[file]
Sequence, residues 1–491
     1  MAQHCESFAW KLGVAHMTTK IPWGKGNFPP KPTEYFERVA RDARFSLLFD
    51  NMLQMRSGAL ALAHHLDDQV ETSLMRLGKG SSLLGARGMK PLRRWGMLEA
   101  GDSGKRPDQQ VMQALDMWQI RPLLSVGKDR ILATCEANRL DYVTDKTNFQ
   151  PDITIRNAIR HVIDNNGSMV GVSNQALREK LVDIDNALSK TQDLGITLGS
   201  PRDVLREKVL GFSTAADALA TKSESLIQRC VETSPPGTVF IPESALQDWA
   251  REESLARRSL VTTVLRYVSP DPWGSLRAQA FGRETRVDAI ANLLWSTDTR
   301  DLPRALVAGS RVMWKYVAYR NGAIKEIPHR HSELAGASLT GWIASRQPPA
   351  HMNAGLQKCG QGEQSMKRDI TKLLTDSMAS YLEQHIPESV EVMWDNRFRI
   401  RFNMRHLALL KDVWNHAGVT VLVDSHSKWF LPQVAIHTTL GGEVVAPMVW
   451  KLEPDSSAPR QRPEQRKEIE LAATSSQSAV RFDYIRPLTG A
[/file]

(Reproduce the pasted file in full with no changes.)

Sequence, residues 1–491
     1  MAQHCESFAW KLGVAHMTTK IPWGKGNFPP KPTEYFERVA RDARFSLLFD
    51  NMLQMRSGAL ALAHHLDDQV ETSLMRLGKG SSLLGARGMK PLRRWGMLEA
   101  GDSGKRPDQQ VMQALDMWQI RPLLSVGKDR ILATCEANRL DYVTDKTNFQ
   151  PDITIRNAIR HVIDNNGSMV GVSNQALREK LVDIDNALSK TQDLGITLGS
   201  PRDVLREKVL GFSTAADALA TKSESLIQRC VETSPPGTVF IPESALQDWA
   251  REESLARRSL VTTVLRYVSP DPWGSLRAQA FGRETRVDAI ANLLWSTDTR
   301  DLPRALVAGS RVMWKYVAYR NGAIKEIPHR HSELAGASLT GWIASRQPPA
   351  HMNAGLQKCG QGEQSMKRDI TKLLTDSMAS YLEQHIPESV EVMWDNRFRI
   401  RFNMRHLALL KDVWNHAGVT VLVDSHSKWF LPQVAIHTTL GGEVVAPMVW
   451  KLEPDSSAPR QRPEQRKEIE LAATSSQSAV RFDYIRPLTG A